How to Teach a Dog to Fetch

Medically Reviewed by Vanesa Farmer, DVM on March 06, 2023
4 min read

Playing fetch is fun and healthy for both you and your pet. But not all dogs learn it immediately. Some dogs don’t understand fetch at all, while others instinctively love to chase things, or your pet may love to chase but not retrieve. Teaching them to fetch may take some time and care, but it can lead to more exercise and bonding between you and your dog.

When you’re purchasing a toy, consider your dog’s age, size, and ability. If your dog is older or younger, pick a toy that is easier to grasp with their teeth. If your dog is a whiz at fetch, pick a toy that poses more of a challenge. 

Some popular fetch toys include:

  • Standard tennis ball
  • Squeaker footballs or tennis balls
  • Retriever plastic or rubber bumper
  • Discs and flyers made of soft, flexible rubber — especially those that are extra-soft for sensitive mouths or designed to remain flexible in colder weather
  • Rope toys, with rubber attachments
  • Plush dog toys in animal shapes

If your dog doesn’t understand fetch or seems disinterested in retrieving toys, begin with a few basics:

  • Introduce the toy with a tug-of-war game
  • Put treats inside of a toy to make it more enticing
  • Tease your dog with a toy to gain his attention

Once the dog is interested in the toy, it’s time to start the game of fetch. Start out by throwing the toy a few feet. As your dog catches on, be sure to show your enthusiasm so they want to please you by playing more. Gradually increase the distance you throw the toy until your dog understands the fun of chasing after something.

It’s important to be patient during the learning process. If your dog doesn’t understand the game as quickly as you want, hide any frustration you feel. Don’t be discouraged if you have to pause and try again another day. 

If your dog loves to chase the toy but won’t return it, try a game that can get dogs accustomed to bringing a toy back. Keep two toys in hand. Throw the first one. Once the dog reaches the toy, use the second toy to tease them.

At this point, the dog may run back with the first toy. But even if the dog drops the first toy, go ahead and throw the second one in another direction. Then go pick up the first toy as they retrieve the second one. Repeat the pattern of throwing one toy then teasing with another. Chances are, the dog will quickly become too excited to drop the toy they’ve retrieved and will run back to you with it.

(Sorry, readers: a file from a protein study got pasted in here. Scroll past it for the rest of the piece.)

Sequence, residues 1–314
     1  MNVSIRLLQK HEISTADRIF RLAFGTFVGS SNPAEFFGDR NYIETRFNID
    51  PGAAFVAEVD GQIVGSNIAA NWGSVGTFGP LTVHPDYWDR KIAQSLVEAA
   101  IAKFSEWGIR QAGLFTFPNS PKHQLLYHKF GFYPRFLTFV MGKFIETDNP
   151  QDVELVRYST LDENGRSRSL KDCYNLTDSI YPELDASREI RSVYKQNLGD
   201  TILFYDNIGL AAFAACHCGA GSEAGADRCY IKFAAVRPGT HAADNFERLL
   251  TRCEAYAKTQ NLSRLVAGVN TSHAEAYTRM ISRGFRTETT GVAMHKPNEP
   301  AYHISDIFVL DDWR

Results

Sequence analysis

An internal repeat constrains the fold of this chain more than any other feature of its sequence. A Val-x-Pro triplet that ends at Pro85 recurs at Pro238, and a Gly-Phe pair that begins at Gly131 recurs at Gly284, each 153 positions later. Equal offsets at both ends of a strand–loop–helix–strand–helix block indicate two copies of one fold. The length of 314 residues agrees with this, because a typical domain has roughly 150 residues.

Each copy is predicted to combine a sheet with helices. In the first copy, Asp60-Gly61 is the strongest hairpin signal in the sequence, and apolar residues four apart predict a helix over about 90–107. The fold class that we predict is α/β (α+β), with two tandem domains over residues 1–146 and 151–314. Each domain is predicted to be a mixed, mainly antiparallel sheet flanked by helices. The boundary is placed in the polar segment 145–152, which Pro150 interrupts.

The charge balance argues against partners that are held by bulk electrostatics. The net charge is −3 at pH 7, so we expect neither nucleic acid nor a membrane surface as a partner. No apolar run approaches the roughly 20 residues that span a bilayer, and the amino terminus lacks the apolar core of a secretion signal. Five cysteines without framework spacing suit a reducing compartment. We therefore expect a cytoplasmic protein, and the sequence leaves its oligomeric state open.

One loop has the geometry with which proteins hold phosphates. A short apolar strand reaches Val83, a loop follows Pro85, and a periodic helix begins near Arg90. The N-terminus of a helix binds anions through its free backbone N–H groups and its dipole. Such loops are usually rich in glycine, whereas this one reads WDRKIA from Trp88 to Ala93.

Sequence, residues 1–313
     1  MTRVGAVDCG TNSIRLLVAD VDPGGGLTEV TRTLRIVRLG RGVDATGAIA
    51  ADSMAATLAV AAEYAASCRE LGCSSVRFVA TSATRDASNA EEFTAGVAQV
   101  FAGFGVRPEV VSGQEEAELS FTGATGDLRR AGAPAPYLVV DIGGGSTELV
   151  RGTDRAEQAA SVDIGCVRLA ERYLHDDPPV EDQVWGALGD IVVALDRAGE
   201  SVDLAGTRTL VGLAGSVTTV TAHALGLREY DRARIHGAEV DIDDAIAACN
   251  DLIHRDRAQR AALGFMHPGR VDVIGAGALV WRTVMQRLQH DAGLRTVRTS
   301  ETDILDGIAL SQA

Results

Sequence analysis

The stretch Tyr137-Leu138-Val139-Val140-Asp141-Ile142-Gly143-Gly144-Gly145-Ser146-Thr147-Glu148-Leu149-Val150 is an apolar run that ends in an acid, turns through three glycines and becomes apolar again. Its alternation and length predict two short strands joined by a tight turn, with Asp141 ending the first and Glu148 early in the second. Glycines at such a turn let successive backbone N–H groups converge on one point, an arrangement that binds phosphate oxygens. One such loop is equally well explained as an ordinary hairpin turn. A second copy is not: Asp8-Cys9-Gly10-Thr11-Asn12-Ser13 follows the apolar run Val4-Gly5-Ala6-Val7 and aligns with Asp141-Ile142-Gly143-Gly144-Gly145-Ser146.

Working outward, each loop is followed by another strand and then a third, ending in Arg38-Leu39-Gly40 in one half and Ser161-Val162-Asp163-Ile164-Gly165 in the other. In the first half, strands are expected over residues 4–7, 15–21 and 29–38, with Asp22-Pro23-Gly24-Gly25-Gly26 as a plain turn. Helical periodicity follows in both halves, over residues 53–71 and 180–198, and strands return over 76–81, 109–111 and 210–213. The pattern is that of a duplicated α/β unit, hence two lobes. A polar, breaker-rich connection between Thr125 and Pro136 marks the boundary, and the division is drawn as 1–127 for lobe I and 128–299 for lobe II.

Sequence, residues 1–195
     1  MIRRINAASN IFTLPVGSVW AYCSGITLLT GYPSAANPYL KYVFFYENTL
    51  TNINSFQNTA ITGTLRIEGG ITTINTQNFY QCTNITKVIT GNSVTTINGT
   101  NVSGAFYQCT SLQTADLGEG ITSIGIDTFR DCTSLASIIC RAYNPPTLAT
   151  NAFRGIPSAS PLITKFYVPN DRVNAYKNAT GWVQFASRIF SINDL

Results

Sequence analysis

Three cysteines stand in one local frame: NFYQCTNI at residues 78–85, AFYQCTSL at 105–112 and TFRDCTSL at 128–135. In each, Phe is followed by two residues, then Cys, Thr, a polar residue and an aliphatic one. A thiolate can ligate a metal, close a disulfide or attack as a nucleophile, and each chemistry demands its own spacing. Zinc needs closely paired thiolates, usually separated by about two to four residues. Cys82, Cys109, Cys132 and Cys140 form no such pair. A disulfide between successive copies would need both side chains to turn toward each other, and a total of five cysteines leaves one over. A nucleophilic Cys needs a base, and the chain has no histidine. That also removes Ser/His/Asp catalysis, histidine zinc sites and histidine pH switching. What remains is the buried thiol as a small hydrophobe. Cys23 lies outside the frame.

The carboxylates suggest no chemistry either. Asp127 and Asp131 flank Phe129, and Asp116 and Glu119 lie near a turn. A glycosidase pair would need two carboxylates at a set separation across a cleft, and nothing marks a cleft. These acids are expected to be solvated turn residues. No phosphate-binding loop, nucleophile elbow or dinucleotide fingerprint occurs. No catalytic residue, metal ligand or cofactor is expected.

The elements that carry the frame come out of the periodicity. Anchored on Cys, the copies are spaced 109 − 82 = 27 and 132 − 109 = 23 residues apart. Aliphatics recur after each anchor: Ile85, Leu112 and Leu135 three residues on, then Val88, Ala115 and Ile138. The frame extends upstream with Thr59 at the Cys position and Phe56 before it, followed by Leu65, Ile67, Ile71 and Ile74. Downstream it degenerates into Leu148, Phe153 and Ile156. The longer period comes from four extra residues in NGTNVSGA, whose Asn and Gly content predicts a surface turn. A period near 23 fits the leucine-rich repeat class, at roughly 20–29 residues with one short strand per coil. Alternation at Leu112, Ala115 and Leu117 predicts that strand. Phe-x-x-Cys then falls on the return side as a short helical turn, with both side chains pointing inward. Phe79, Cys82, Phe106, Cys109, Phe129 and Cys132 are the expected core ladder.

Play this game over and over until your dog is bringing one toy back to you in anticipation of chasing another. Once that happens, they may be ready to play fetch with one toy at a time. Slowly you can introduce commands like “drop it” and teach your dog what you want them to do. 

Use the power of language. Dogs have a great ability to build comprehension of your words. When you use specific phrases and actions together consistently, your dog will quickly learn what behavior is desired with each command.

Beat boredom. Remember, even fetch gets boring after a while. Try introducing new challenges like holding your dog’s collar as you throw the toy and making them wait to retrieve it. You can even introduce the command “wait” to let them know when it’s time to make a retrieval. 

Rewards are great. Treats and hugs are great ways to reinforce a behavior you want to encourage. Reward your dog for chasing after a toy and bringing it back to you. Take time to hug and pet your dog so they know how much you love playing fetch, too. Keep treats in your pocket for a nice surprise.

Run with your dog. If your dog isn’t a natural runner, take off after the toy when you throw it. They may not be able to resist running alongside you. Praise the effort and keep encouraging them with positive affirmations. 

Get the toy back. Some dogs will fetch and even retrieve the ball but then won’t let you have it back. They may be trying out a different game, hoping you’ll chase them. If this happens, use the “drop it” command, so the dog makes a connection between specific words and what you want them to do. If you offer dogs a treat to drop the ball, they’ll often catch on.

Train with a ball in hand. You can use playing fetch to take your dog’s training one step further. Introduce an additional command like “give it,” so your dog will put the ball in your hand and not just drop it on the ground. You can also use this as an opportunity to teach your dog “bring it,” especially if they’re naturally dropping the toy part of the way back to you. If they drop the toy early, start to move further away from the dog before they drop it. Then motion them to follow you and say “bring it.” Doing this consistently will help teach them that command.

Leave them wanting more. If you end a fetch game before your dog loses interest, it keeps them from getting bored with the game so they'll be excited to play again next time.